Bicultural Urbanite Brianna Walk this way: Tour Guiding in Berlin
The year is 2008. You’re young, new in Berlin and your German vocabulary consists of ‘Guten Tag’ and phrases gleaned from ‘Inspector Rex’. Your employment options are fairly limited, but you’re so determined to stay that you’ll happily serve beers to noisy backpackers or scrub toilets to make it happen.
These days it’s a lot easier for monolingual Australians to find meaningful work in Berlin, thanks in part to the burgeoning start-up scene, but back then, your best bets for scoring an income (and a visa) were to start teaching English or to become a tour guide.
I first came into contact with Berlin’s English-speaking tour-guiding diaspora over ten years ago, when I was working as a receptionist at a youth hostel. Guides dropped in every day to pick up guests for their free walking tours. For some, the work was simply a means to an end. They spent their tips on cheap booze and EasyJet weekends before moving back home after a year or two. Others, however, have built careers around the perambulatory promotion of German history and are still here today.
Bicycle tour guide Merren at Tempelhofer Feld. | © Merren McClean Taylor and Merren are two such guides. Originally from Victoria, these successful chameleons have adapted to their new environment and found their ideal niche. They’re passionate about showing holidaymakers around their adopted home and although they occasionally toy with the idea of getting a “real job”, both doubt they will ever return to Australia.
TEACH ENGLISH, WORK IN A BAR, OR BECOME A TOUR GUIDENearly every day at work, someone asks Taylor how he ended up in Berlin. “And it’s not even a good story,” he claims. “I just came here as a tourist and I loved it.” After arriving in 2009, he was impressed by how Berlin’s extraordinary history is so visible and tangible. On his jogging route he would criss-cross the former border between East and West, marvelling at this everyday interaction with sites that changed the course of history. “Workwise, I didn’t speak any German, so it was either teach English, work in a bar, or become a tour guide,” he explains. After being knocked back by various tour companies, Taylor ended up tapping beers at an Irish pub. After a long cold winter, he was just about to pull the plug and look for a “real job” in the UK when he was finally offered a gig as a walking tour guide.
Walking tour guide Taylor with a group at the Gendarmenmarkt Christmas Market. | © Sophie Banks These days Taylor is grateful that the company took a chance on him despite his lack of historical knowledge. “If you’re skilled, have a history degree, all that sort of stuff, then you can get a job straight off the bat with one of the more reputable companies. But one thing [this company] did do, was they picked up people who maybe had potential and weren’t gonna get a job elsewhere,” he days. Taylor was likely hired on the basis of his performance background (he has a degree in film and theatre), given that keeping your group engaged is just as important as imparting historical facts. He reckons at least half of the English guides he currently works with have tried their hand at either acting or playwriting. “So if you like history and you fail at becoming a professional actor, this is a pretty good second option,” he says.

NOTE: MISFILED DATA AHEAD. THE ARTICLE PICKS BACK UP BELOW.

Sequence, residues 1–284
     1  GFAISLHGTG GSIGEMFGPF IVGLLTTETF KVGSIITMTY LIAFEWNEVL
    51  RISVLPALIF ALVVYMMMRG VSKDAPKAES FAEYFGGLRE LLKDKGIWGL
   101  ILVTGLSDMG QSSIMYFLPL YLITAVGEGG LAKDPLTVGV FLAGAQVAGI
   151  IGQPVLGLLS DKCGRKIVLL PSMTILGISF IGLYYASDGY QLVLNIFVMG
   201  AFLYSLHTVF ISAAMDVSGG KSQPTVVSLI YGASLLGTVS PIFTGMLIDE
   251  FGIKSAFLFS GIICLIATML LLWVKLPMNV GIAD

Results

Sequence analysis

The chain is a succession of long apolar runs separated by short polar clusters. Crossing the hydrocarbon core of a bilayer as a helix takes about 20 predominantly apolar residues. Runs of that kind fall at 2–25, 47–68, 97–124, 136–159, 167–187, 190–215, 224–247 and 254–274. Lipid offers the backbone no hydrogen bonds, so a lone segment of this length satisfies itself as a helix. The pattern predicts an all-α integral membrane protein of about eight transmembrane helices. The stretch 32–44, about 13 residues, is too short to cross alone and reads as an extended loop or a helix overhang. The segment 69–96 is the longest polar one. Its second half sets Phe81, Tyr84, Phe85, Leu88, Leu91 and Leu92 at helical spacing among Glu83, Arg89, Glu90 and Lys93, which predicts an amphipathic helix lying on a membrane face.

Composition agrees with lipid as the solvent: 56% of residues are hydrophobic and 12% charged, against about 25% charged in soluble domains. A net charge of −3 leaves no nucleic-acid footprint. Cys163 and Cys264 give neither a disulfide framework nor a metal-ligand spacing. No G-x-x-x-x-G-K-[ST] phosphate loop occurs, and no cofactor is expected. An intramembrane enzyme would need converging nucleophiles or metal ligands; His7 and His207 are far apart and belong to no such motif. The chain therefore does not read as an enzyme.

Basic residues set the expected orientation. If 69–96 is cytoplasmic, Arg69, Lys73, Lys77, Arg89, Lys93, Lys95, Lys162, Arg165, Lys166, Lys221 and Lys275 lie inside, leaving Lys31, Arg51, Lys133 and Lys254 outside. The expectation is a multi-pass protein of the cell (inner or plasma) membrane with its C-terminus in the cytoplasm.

BERLIN BAPTISM OF FIREMerren always had her sights set on Berlin. She and her half-German husband Chris are lucky enough to hold EU passports and were keen to use Berlin as a base to explore Europe. Merren’s grandparents migrated to Australia from Reutlingen in the 1950s and her mother was raised bilingually, so Merren was exposed to German cooking, culture and language from a young age.
Merren with a tour group at the Brandenburg Gate. | © Merren McClean Despite her German heritage, when Merren arrived in 2013 her German was “pretty non-existent” and she fell in and out of a variety of jobs. “I did the Berlin baptism of fire, from working for a start-up to working for a [bilingual] kindergarten, I did all that. You know, you just fish around, get a job wherever you can,” she recalls. Merren is incredibly affable and “always up for a beer”, so it’s easy to understand why she describes getting into touring as the best accidental career decision she ever made. Like Taylor, she already had the “entertainment factor”, so simply had to develop her historical knowledge by visiting museums, reading and attending other guides’ tours. She appears to have found the sweet spot between facts and fun: “on tour a couple of years ago a customer called me an infotainer…I don’t know if I’m flattered or not,” she laughs. These days she speaks fluent German and is a Guide Manager.
NO SHORTAGE OF TOURISTSDespite their disparate backstories and motivations, the two guides share a desire to stay in Berlin and continue pursuing their accidental career path. They find guiding rewarding and fun, yet both made references to the possibility of one day “getting a real job”. “If I go back to Melbourne,” says Merren, “I don’t know if I’ll feel like I should go back to real life and career progression.” Taylor is more adamant about his desire to stay in Europe. If he ever ended up in Australia again, he says he would pursue another line of work, suggesting that Australia’s history pales in comparison to the world-changing events that took place in Berlin: “There is absolutely no way I would be a walking tour guide in Australia. ‘Cause what am I gonna say?”
Berlin’s tourism boom continues unabated. According to Spiegel Online, Berlin is now the third most popular European destination for overnight stays and the number of passengers arriving at Schönefeld Airport has more than doubled in the past ten years. So if they decide to stay, Merren and Taylor will certainly have no shortage of work.